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Re: Does Hubbert Peak Bode Ill for World System?
by Charles Jannuzi
06 December 2003 06:28 UTC
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A follow up here incorporates something I wrote
earlier to SOC-REG regarding the very topic, or at
least the topic's geopolitical ramifications.

How does capital respond to the idea of a peak in oil

So long as any state of affairs and its development
leads to the promise of profits--that is, growth in
profits, an acceleration in the growth of
profits--capital can respond.

It can't respond to the idea that usable oil is
running out so it also can't respond to the idea that
the world then needs socialism and energy conservation
to manage it til alternative energy is developed
(which would remain unprofitable for a long time).

It's most desperate with a country such as the US (and
UK, too), where capital is most closely tied to the
equity markets and the relationship with the goal of
accelerated profits is most closely enforced (or, in
the case of Enron etc., faked for a while). The war
against Iraq isn't just about the supply of oil or its
trade routes; it's about taking oil pricing power away
from as many Arabs as possible while applying pressure
on oil-rich Persians.

It makes doubly good sense that a TX-LA-Gulf of Mexico
oil-construction-federal contracting mafia should
unite with the North Sea oil interests in taking over
Iraq while 'recapitalizing' Russian oil. These are
places where capital strategizes that future profits

In the best of all possible Clinton-Gore-Bush worlds,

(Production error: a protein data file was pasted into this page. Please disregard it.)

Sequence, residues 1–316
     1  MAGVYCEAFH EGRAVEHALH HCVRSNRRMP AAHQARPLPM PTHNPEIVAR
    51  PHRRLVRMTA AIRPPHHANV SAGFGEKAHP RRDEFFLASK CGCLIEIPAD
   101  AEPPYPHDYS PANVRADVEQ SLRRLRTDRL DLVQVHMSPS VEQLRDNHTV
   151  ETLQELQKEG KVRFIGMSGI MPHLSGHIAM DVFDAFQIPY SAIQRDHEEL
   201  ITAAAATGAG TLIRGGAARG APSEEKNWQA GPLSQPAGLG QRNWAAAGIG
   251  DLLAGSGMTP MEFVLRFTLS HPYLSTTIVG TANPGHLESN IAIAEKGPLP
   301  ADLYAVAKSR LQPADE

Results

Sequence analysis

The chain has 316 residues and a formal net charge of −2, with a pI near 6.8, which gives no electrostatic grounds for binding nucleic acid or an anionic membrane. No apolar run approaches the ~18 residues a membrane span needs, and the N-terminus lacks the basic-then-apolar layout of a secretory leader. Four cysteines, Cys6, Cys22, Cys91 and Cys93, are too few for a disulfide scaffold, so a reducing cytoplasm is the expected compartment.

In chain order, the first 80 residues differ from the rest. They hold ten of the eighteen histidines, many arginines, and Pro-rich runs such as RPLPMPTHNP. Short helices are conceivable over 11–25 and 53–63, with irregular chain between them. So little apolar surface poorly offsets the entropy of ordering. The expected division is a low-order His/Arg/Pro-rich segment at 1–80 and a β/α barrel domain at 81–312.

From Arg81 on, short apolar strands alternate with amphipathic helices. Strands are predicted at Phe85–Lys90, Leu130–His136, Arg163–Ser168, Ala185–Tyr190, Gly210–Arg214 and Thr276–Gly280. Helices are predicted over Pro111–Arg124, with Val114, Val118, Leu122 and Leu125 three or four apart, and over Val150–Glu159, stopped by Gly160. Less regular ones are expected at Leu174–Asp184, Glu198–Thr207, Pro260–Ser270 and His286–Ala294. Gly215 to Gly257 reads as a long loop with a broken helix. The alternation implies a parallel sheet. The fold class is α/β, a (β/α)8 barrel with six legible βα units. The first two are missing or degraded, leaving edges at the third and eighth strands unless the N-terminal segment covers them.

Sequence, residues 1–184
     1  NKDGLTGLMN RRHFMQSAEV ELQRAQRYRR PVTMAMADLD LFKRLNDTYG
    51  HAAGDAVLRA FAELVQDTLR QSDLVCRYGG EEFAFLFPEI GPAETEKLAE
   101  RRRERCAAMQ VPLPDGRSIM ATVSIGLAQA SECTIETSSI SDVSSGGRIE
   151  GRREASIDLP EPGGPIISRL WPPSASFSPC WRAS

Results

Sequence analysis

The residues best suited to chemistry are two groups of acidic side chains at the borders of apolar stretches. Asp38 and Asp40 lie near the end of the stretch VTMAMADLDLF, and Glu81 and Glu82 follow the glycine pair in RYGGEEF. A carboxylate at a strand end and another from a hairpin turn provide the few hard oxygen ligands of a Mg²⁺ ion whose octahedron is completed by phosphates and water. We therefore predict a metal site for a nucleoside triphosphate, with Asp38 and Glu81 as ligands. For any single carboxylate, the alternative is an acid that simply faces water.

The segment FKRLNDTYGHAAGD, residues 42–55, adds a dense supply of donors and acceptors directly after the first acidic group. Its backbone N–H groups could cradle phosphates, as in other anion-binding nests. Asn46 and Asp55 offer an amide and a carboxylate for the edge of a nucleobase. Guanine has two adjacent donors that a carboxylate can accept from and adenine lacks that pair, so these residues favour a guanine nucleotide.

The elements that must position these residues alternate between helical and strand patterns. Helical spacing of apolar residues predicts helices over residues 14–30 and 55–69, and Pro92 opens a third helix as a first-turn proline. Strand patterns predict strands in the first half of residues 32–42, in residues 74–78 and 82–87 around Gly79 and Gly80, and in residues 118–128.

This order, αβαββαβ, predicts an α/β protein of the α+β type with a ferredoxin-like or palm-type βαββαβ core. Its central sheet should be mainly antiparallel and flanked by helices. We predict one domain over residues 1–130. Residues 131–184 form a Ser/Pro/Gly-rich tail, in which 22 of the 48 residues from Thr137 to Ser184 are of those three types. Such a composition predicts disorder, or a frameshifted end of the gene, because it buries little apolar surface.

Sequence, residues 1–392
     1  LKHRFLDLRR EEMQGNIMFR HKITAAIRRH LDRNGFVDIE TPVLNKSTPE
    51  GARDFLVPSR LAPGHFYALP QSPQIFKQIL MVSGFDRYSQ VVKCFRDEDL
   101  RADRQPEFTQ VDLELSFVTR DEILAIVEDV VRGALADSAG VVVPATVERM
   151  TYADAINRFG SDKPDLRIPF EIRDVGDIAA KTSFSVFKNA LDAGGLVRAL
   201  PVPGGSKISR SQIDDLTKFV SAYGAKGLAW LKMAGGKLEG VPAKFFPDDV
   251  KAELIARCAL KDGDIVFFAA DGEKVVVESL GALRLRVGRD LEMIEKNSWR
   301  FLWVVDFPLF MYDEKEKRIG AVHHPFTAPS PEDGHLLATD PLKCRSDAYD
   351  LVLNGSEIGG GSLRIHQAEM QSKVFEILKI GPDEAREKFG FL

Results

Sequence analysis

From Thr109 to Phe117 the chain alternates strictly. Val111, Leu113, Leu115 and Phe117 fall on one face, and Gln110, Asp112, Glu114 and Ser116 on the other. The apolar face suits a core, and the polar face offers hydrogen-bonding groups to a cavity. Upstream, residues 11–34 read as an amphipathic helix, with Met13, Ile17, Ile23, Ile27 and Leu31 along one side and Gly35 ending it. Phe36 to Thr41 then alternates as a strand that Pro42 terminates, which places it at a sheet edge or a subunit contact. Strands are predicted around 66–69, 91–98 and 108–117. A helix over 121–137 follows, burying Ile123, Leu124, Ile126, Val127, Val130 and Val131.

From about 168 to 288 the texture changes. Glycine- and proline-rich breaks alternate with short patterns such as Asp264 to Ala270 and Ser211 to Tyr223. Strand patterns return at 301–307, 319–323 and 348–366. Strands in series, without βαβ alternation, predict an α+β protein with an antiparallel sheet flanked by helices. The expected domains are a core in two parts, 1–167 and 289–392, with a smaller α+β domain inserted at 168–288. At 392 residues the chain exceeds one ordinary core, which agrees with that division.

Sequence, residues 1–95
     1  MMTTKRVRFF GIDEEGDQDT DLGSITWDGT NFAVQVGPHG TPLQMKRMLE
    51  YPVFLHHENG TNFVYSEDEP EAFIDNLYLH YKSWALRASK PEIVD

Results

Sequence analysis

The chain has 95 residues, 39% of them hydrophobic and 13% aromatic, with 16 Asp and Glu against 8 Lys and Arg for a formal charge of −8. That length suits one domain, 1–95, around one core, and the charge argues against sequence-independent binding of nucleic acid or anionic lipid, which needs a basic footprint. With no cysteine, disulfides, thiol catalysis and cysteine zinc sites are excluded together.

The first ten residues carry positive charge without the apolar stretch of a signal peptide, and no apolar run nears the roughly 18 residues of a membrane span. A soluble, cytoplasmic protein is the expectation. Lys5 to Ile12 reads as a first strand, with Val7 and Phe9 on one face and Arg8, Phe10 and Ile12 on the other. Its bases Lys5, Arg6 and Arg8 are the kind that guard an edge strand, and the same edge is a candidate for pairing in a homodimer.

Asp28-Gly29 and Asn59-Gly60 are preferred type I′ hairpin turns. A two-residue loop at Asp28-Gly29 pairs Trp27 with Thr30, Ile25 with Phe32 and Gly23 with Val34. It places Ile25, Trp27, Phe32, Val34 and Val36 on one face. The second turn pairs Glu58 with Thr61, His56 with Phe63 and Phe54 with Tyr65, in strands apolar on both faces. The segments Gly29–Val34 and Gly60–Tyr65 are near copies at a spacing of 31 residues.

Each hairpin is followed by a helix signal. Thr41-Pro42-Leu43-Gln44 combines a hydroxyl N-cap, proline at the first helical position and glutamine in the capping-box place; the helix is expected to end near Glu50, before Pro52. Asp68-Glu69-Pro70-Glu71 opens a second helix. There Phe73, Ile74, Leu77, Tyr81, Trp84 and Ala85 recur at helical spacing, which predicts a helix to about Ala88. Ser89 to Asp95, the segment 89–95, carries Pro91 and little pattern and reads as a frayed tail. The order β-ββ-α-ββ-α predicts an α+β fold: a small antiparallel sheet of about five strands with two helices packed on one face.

Enron would have solved the looming energy crisis. You
see how the ideology works? Basic business fraud and
unregulated capital flows were going to make energy
markets more efficient, pay off billions to strategic
stock holders, re-structure global energy capitalism,
and create an energy utopia.

A good parallel is the related idea that all this use
of fossil fuels is leading to climate change. How does
capital respond? The only way capital ever responds:
it seeks accelerated profits in things like
market-based exchanges of pollution rights (did the
guys at Enron think this one up?). It's the same type
of thinking that gets us legislation setting up more
profits for lumber companies in the name of
'preventing forest fires'. 

Now imagine that a huge asteroid were speeding dead on
for the planet earth. How would capital respond? At
shareholder meetings they would be asking, How
does this affect next quarter's earnings? Are there
government contracts we could get to be involved in
dealing with it? What does the world economy
look like after the impact? Etc.

C. Jannuzi
Fukui, Japan


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